• An employee health program must be reasonably designed to promote health or prevent disease and must have a reasonable chance of improving employees’ health or preventing disease.
  • Compliance with rules concerning voluntary wellness programs does not ensure compliance with other antidiscrimination laws. For example, a wellness program may not discriminate on the basis of age in violation of the Age Discrimination in Employment Act.
  • Wellness programs that do not include disability-related inquiries or medical exams, such as health education programs, are not subject to the incentive rules. However, the ADA’s nondiscrimination requirements still apply (e.g., must provide reasonable accommodations that allow employees with disabilities to fully participate and earn rewards).

The EEOC has requested comment on several very specific issues related to the proposed rules, making it apparent what provisions it intends to focus on and where it needs considerable input.

Highlights on requested comments

  • Whether “voluntary” incentives to encourage employees to disclose medical information under the ADA must also offer similar incentives to persons who choose not to disclose such information, and instead provide certification from a medical professional stating that the employee is under the care of a physician and that medical risks identified by that physician are under active treatment.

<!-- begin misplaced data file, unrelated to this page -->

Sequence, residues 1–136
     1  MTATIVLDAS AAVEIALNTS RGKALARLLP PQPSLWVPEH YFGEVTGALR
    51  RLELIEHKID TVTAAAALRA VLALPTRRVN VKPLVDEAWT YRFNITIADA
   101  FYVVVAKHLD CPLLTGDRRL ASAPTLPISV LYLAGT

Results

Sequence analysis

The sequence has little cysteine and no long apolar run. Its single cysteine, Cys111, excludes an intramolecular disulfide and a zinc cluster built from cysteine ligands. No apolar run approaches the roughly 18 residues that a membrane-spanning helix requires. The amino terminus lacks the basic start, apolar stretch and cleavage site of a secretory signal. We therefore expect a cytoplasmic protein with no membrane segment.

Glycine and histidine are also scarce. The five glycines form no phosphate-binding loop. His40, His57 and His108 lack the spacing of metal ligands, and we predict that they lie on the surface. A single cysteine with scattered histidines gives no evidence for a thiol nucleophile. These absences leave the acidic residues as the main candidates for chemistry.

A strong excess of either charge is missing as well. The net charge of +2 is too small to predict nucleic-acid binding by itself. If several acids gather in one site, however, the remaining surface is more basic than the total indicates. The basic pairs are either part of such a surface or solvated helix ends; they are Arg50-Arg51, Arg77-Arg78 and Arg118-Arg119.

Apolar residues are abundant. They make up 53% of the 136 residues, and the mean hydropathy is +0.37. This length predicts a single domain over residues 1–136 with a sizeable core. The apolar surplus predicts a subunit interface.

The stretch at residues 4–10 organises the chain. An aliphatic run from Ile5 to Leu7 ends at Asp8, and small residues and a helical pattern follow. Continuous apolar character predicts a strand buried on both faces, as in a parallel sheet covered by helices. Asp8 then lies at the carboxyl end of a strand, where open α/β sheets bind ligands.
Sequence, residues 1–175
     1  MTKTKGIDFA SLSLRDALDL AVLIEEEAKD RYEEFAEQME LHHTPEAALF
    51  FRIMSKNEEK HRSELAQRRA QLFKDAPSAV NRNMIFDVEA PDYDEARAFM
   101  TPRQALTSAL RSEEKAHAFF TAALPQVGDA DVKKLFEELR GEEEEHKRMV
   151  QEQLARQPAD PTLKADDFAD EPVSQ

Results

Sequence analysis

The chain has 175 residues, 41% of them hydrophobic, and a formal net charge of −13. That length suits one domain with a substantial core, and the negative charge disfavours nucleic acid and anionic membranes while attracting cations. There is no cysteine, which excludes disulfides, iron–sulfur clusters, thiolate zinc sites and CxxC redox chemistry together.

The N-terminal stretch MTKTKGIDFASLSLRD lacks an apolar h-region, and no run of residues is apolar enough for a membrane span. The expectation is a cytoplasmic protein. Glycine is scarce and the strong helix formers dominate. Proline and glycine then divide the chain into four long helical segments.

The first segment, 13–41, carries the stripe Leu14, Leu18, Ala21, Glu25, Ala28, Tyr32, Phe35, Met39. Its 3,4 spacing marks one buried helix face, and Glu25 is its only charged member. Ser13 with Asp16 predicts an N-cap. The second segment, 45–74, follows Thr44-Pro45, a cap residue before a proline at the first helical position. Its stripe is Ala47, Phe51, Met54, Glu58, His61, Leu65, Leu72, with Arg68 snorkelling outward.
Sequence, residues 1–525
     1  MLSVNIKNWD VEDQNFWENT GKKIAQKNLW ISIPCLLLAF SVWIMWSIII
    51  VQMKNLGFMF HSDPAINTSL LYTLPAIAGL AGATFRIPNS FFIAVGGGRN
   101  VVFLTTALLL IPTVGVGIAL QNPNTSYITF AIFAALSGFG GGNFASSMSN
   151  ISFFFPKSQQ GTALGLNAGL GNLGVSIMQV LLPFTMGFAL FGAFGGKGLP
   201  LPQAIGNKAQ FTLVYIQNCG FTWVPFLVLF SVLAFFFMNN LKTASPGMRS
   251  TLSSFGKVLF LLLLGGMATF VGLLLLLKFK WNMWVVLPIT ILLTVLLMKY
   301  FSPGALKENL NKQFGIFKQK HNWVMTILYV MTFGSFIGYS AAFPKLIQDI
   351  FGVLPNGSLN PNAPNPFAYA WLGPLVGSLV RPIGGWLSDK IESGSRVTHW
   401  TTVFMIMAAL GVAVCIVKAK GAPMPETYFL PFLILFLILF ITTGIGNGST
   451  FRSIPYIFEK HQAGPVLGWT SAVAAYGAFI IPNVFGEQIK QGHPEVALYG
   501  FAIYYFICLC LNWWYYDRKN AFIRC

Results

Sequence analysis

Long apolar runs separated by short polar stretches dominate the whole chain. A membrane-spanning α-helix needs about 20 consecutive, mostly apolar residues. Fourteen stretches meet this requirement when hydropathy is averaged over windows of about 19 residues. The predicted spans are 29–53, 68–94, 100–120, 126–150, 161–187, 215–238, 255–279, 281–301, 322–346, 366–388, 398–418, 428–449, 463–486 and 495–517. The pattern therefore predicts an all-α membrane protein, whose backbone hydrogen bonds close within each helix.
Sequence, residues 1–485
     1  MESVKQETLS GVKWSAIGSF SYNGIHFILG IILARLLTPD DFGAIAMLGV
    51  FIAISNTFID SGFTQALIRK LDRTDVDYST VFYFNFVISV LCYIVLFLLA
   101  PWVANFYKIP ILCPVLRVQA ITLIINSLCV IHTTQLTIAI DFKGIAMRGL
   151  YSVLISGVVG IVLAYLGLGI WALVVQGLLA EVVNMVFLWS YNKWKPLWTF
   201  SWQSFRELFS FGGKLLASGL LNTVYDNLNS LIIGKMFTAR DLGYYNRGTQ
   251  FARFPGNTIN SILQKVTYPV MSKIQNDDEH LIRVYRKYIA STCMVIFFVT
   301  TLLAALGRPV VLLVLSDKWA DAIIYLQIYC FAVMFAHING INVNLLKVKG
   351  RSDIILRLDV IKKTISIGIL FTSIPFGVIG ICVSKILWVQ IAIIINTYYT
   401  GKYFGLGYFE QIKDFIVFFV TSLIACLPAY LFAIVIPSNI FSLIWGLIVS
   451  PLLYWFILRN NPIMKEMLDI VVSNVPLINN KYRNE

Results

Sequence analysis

• Whether a “voluntary” incentives requesting that employees respond to disability related inquiries and/or undergo medical examinations may not be so large as to render coverage unaffordable under the ACA and therefore, in effect, coercive for an employee. Specifically, is it appropriate that incentives in participation-based programs requiring medical exams, biometric screenings, and/or completion of a health risk assessment could be deemed unaffordable in accordance with the ACA affordability standard?
  • What practices best ensure wellness programs are designed to promote health and do not operate to shift costs to employees with specific health impairments or conditions?
  • Should the ADA regulations limit incentives provided within wellness programs that are offered outside a group health plan?
  • What impact would the proposed 30% limit have on incentives offered under the tobacco cessation programs that include disability-related inquires and/or medical examinations? Under the proposed rule, a typical non-tobacco initiative involving completion of a health risk assessment and cotinine test would need to include a cap on the incentive equal to 30% of the single-only rate.

The 60-day comment period will end May 27, 2015. Refer to the new Fact Sheet and Q&A for additional information.